On July 6, water protectors found an Enbridge Line 3 frac-out at the Willow River.
On Monday, Honor the Earth reported a suspected Line 3 frac-out at the Shell River. [Update July 22: The MPCA says there was no frac-out on the shell. It did report that Enbridge has had frac-outs at nine different construction sites. Updated blog coming soon.]
Today, the Indigenous Environmental Network reported a suspected Line 3 frac-out near the Mississippi headwaters. (Video here.)
Details of the frac-outs are still coming in.
It’s possible to see frac-outs on the surface of rivers and wetlands. There could be other frac-outs below the surface that remain unseen.
How many frac-outs will it take for state regulators to require something different, or do they dismiss frac-outs as an acceptable environmental cost?
The Enbridge Line 3 tar sands pipeline is being built across 337 miles of northern Minnesota, crossing more than 200 water bodies, 78 miles of wetlands, and 41 miles of public/municipal land, mostly state forest lands.
At 21 water crossings, Enbridge is using a large drill to bore under the waters and wetlands. The technique’s called Horizontal Directional Drilling or HDD. Once drilled, heavy equipment is used to pull the string of welded pipeline through the tunnel.
The HDD process requires drilling mud, a viscous fluid that lubricates and cools the drill bit and brings the drilled rock and soil to the surface.
One HDD risk is that pressure will force the drilling mud into cracks in the soil and finally get pushed well outside the tunnels’ walls. That’s a frac-out. Frac-outs can happen in rivers, wetlands or on land. They can rise to the surface, or remain below the surface.
Enbridge originally proposed Line 3 as a two-year construction project (that language is still on its website). Enbridge started construction in December, appears poised to finish by August, and has announced plans to begin operating the pipeline in the fourth quarter of this year.
In other words, Enbridge doubled it’s original construction pace. In other words, it’s rushing. Is rushing leading to frac-outs?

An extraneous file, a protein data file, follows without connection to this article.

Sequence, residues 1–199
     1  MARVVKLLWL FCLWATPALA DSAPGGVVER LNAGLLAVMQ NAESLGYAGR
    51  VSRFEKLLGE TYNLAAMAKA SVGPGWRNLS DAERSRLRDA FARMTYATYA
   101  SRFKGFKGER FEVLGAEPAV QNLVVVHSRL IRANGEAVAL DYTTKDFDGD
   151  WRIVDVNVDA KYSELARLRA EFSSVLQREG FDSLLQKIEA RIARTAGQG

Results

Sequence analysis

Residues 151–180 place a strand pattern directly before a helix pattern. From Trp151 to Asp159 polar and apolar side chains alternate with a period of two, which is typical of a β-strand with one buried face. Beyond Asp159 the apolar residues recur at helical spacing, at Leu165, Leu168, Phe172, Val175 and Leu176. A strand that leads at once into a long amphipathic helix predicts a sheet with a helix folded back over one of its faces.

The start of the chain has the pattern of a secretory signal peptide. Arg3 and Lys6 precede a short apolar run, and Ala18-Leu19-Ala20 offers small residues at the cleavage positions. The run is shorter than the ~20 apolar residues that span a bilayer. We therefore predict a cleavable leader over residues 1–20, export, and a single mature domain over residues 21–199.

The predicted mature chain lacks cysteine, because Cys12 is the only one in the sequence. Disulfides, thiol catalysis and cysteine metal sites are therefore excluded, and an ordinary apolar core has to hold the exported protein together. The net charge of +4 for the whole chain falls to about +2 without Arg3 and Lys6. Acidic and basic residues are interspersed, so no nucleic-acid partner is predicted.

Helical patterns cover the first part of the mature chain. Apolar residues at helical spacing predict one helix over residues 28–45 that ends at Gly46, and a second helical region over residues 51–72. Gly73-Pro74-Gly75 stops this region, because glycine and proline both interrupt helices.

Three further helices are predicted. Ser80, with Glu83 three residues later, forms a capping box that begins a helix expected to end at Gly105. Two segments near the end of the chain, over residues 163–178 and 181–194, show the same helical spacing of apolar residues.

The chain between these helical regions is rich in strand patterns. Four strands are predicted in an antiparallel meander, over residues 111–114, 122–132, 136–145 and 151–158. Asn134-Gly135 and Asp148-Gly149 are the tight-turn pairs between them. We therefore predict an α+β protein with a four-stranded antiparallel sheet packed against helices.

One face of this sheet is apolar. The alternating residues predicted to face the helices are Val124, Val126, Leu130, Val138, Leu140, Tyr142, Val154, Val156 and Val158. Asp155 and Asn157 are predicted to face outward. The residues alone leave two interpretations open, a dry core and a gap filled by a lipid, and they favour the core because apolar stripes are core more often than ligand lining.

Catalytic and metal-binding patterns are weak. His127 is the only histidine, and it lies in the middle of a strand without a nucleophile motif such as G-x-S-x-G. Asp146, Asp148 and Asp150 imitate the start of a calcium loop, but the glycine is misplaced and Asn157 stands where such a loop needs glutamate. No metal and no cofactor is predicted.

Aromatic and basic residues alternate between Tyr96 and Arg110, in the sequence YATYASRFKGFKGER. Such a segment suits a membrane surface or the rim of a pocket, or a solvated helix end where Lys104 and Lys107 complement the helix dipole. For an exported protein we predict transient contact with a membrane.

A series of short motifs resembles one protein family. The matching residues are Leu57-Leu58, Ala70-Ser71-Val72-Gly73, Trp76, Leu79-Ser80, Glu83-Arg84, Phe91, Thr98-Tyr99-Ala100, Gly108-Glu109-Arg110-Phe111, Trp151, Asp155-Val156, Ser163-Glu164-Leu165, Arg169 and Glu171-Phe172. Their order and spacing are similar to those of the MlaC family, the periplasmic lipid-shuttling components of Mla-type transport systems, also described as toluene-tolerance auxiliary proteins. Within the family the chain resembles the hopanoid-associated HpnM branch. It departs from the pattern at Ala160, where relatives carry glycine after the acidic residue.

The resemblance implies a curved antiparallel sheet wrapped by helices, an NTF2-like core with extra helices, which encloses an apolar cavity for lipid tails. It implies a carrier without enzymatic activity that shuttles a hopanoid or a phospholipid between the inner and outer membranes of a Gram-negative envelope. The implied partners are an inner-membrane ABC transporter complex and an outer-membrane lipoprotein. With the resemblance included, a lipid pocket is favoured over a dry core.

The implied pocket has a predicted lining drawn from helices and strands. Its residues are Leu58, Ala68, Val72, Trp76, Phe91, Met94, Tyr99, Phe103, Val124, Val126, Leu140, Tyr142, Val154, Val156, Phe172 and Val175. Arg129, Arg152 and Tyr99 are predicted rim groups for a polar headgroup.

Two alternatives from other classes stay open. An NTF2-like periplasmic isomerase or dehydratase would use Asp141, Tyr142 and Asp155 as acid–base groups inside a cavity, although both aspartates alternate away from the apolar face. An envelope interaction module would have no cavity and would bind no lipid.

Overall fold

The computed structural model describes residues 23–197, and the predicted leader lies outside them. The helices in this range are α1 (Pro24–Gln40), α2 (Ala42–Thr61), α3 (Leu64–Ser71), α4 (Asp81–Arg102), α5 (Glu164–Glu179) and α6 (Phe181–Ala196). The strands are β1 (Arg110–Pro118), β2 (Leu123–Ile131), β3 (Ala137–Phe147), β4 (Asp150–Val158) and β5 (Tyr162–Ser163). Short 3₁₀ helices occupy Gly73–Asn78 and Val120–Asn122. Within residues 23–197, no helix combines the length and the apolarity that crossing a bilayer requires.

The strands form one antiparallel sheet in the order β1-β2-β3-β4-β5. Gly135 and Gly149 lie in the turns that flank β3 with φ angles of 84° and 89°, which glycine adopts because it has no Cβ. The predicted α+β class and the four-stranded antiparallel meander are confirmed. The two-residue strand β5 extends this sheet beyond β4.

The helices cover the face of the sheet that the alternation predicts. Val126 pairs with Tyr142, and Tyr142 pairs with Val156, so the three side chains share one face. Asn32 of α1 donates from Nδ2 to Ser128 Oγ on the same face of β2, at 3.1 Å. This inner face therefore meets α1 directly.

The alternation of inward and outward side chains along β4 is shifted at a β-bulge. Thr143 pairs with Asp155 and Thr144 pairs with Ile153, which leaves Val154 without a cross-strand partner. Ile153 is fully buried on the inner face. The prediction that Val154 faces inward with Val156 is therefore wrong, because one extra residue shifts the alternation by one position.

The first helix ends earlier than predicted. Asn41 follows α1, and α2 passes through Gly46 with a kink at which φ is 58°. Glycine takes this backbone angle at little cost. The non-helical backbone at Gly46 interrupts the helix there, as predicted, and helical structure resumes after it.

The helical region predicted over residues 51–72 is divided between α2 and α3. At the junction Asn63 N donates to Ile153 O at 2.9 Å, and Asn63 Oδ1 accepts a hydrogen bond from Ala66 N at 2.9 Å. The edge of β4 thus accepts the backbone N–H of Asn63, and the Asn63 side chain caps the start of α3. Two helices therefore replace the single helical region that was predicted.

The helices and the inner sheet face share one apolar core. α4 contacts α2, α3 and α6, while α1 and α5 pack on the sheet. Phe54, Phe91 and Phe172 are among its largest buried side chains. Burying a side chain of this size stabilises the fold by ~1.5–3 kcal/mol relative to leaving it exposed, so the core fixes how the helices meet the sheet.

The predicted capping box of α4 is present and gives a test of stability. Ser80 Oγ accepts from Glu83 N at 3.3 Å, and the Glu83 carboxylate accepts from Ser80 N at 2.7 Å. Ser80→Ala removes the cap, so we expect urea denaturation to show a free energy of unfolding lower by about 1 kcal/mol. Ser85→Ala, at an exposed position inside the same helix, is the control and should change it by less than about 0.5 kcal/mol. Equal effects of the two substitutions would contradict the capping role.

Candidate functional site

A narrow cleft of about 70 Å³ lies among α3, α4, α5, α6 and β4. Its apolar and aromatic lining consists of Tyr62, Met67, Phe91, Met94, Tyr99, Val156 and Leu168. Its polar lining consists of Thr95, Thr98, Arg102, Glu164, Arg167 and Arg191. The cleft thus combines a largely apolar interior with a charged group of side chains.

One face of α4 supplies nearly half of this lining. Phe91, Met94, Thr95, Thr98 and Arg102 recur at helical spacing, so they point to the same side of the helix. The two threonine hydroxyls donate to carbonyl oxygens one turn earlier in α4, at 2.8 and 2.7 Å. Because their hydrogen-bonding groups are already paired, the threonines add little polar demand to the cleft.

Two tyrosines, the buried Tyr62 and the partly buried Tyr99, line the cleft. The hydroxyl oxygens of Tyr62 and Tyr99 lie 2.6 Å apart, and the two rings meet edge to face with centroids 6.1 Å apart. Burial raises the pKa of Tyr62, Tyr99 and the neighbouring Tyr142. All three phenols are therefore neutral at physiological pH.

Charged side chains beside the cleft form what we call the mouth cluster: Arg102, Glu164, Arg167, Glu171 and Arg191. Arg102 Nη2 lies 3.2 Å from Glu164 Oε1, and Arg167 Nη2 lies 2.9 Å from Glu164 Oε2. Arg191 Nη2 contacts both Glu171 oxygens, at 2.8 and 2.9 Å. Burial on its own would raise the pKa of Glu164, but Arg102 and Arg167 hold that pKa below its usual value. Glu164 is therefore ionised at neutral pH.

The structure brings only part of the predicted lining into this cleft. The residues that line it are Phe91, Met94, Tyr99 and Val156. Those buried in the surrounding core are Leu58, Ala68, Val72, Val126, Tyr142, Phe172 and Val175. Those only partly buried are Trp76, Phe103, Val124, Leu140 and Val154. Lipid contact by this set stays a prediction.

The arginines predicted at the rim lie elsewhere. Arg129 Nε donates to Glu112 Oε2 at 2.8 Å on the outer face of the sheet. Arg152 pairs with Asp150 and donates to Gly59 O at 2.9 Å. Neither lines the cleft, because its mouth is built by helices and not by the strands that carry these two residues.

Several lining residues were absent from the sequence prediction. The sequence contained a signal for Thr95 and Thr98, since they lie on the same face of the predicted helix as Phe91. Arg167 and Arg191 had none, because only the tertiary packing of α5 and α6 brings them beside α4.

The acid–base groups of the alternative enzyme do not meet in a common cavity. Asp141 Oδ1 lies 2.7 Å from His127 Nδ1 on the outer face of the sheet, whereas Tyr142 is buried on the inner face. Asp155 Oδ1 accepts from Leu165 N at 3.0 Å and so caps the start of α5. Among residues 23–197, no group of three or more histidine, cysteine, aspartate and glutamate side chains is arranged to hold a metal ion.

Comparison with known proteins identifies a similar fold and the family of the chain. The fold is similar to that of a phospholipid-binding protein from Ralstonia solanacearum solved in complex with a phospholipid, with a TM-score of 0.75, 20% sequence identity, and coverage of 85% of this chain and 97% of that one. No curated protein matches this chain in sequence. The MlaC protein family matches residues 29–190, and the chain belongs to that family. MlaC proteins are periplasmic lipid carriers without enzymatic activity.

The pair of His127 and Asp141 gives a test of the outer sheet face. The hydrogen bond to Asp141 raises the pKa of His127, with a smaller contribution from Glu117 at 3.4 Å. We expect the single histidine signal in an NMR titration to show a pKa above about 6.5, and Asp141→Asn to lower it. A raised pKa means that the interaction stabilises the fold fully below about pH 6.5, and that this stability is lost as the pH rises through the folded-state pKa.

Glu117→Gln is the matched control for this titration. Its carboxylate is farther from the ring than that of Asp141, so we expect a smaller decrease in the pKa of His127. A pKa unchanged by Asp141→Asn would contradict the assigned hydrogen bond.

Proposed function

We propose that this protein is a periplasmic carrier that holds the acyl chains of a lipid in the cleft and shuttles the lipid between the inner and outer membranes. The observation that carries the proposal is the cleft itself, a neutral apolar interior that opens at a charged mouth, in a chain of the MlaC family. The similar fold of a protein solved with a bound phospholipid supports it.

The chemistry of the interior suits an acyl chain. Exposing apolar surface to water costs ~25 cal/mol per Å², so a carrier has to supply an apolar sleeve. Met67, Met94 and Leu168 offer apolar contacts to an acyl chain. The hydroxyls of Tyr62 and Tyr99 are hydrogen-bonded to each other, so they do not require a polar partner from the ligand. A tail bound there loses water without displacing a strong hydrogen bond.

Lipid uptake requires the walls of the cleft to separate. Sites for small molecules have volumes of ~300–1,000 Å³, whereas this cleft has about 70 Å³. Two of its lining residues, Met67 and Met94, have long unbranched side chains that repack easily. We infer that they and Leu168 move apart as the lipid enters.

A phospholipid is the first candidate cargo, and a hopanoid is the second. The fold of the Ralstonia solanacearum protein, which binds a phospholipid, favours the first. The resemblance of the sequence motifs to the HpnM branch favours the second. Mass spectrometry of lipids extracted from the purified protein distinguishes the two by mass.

Drilling problems shouldn’t come as a surprise. Back in 2009, a section of Highway 2 in Bemidji collapsed as Enbridge was installing the Alberta Clipper Pipeline under the highway, the Park Rapids Enterprise reported.
And remember experienced state employees from the Minnesota Pollution Control Agency (MPCA) or the Minnesota Department of Natural Resources (DNR) aren’t on site doing the regular monitoring. Instead, there are “Independent Environmental Monitors” on the ground, the eyes and ears for the MPCA and DNR.
The Minnesota Public Utilities Commission (PUC) approved key Line 3 permits. They required Enbridge to pay for these Independent Environmental Monitors, who are to report directly to state agencies.
Problem is, the PUC allowed Enbridge to select and train the independent monitors. A review of 25 resumes showed that half the “independent” monitors had worked for Enbridge in the past, raising questions about their independence.
Friends of the Headwaters, one of the groups suing to stop Line 3 in court, was getting questions from supporters about frac-outs. It posted the following summary Monday:
- The additives to drilling mud enable the bore, but they can also cause long-term pollution. (And Enbridge doesn’t want to tell us what those additives are.)
- Drills are usually at least 20 feet underground/under the river. That means there could be other releases that remain underground, unseen by monitors, unacknowledged by the company.
- When a pipeline company is trying to remove frac-out material, they access the visible stuff and whatever settles at the bottom of the wetland or river. That means there’s plenty of stuff that isn’t removed. EVER.
The public needs to hear from informed citizens who care about these issues. Friends of the Headwaters urges you to WRITE TO LOCAL AND REGIONAL NEWSPAPERS.
Your letter could urge the state to stop construction due to the drought. At the very least, these letters should insist that the state require Enbridge preparedness.
As long as Enbridge is working on stream crossings and befouling northern Minnesota’s pristine wetlands, the company should have sand bags, vac-trucks, and inspectors at the ready, prepared for construction mishaps and issues like frac-outs.